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Harvard Tackles Systems Biology

By John Russell

July 20, 2005 | Towards the end of this summer, Jeremy Gunawardena and Aneil Mallavarapu of the Virtual Cell Program at Harvard Medical School’s Department of Systems Biology expect to unleash b — pronounced “little b” — a new open-source computer language they hope will energize the biological modeling community as nothing has before.

Today, a handful of companies and academic groups are building computational models of disease and biological pathways. To a considerable extent, these scattered efforts remain in their infancy (although modeling has recently gained traction inside a few biopharmas). Moreover, the companies charge for their services and tools and have a vested interest in controlling their proprietary technology. On balance, there has been little synergy between these isolated pockets of progress.

Imagine instead a biologist-friendly language designed specifically to encapsulate biological knowledge and constantly pounded on and improved upon by an open-source community. Add to this vision a growing library of models (and model fragments) written in b and contributed by researchers worldwide for free use by other researchers. Based on list processing (LISP), b is designed to be modular, emphasizing the reusability of modules and a Lego-like approach to model building.

Currently, b focuses on biochemical modeling using ordinary differential equations. However, Mallavarapu says, “We want to expand to describe other types of models like partial differential equations, and we’re working on what it will take to write stochastic models.”

It’s not a great leap to conceive of a GenBank for computational models that researchers could contribute to and draw from. Imagine the interesting and productive in silico research that an army of modelers might undertake.

This is a grand vision for a language with such a diminutive name, and it is one of the first concrete projects emerging from Harvard’s ambitious foray into systems biology. The department is a little more than a year old, has enrolled nine students in its Ph.D. program, and has assembled an impressive faculty led by chair Marc Kirschner, deputy chair Timothy Mitchison, and Lewis Cantley.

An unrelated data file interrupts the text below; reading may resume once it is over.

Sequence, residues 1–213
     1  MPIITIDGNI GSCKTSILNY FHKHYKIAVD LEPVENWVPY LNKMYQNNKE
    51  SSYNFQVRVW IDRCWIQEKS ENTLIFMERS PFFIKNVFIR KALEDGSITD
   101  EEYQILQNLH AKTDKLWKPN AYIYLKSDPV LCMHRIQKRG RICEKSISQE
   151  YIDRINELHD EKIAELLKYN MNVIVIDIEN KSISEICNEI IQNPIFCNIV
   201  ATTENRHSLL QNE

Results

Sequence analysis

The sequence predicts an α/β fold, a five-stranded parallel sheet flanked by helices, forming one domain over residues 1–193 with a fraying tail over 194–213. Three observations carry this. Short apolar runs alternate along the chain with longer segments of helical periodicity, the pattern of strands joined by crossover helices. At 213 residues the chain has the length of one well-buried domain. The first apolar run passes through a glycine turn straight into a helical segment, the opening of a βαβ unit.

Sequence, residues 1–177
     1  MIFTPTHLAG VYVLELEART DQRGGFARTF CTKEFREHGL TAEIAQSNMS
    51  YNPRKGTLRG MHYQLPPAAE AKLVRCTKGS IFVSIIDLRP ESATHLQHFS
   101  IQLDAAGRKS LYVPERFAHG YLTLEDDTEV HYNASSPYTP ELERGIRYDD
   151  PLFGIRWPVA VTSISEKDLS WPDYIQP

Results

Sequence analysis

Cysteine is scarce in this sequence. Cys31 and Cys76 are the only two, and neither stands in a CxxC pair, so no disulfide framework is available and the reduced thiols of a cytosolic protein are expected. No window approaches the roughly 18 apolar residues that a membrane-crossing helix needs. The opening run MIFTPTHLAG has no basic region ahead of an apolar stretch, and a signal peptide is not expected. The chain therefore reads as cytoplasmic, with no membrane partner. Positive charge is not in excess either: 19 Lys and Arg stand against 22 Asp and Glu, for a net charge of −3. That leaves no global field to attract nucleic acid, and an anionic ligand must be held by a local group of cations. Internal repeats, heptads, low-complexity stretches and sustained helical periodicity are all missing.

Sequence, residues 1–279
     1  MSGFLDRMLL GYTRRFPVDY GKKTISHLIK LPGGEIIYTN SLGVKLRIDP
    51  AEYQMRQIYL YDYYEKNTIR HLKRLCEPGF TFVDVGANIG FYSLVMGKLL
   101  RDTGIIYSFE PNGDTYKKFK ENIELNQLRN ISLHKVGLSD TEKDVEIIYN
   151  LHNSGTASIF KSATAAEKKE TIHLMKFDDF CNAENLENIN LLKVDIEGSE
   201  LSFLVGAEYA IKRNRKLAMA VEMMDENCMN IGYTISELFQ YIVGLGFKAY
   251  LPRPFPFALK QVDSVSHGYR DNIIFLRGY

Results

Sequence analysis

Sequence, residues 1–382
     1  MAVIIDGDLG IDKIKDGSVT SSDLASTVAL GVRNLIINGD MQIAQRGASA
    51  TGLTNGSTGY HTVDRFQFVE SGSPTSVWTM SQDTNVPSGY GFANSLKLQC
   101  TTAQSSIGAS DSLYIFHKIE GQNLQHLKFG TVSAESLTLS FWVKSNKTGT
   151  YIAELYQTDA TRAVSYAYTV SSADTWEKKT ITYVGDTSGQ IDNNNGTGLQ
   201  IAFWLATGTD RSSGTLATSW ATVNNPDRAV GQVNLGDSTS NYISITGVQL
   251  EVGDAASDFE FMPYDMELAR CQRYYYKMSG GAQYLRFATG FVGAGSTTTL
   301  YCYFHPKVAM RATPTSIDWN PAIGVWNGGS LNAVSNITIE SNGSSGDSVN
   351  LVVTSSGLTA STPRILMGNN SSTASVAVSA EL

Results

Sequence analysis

They were “the gang of three who believed sufficiently that something new was happening to come together and make this [department] happen,” says Gunawardena, who is the director of the Virtual Cell Program.

Language Barriers

A self-professed “mathematician who fell from grace,” Gunawardena had stints in academia and industry, including a long stay at Hewlett-Packard doing industrial research. While at HP, he caught the biology bug and moved to Harvard’s Bauer Center for Genomic Research. That was his first opportunity, he says, “to actually live among biologists and understand what was going on. Pretty much everything I thought before I came [to Bauer] turned out to be...modified substantially.” When ideas for the new systems biology department bubbled up, he was invited to join.

Mallavarapu is a cell biologist and biochemist by training. He took his Ph.D. with Mitchison at the University of California, San Francisco, working on photomarking technologies to visualize cytoskeletal dynamics. During the past few years, Mallavarapu worked at Millennium Pharmaceuticals developing technology, writing software, and thinking about what is now b. He credits conversations with Gunawardena for stoking his desire to make the language a reality, and he recently joined the Virtual Cell Program as a research scientist. These guys have great jobs!

Certainly, tricky issues remain. Defining b so that it can be easily compiled on various LISP platforms isn’t trivial. Attracting an early adopter community will be important. Writing an easy-to-use graphical user interface is another priority, as is getting models and modeling techniques published in peer-reviewed literature.

“I think [it’s] the classical catch-22 problem: Until there’s a community of people speaking [a language], why would you want to learn it?” Gunawardena says. “I’m very keen on little b in the context of some courses that we’ll be teaching [and] think that’s going to be a very influential early adopter community. I think it’s likely that some of our colleagues at the medical school and also at MIT are very interested.”

It will be interesting to watch how big little b becomes.

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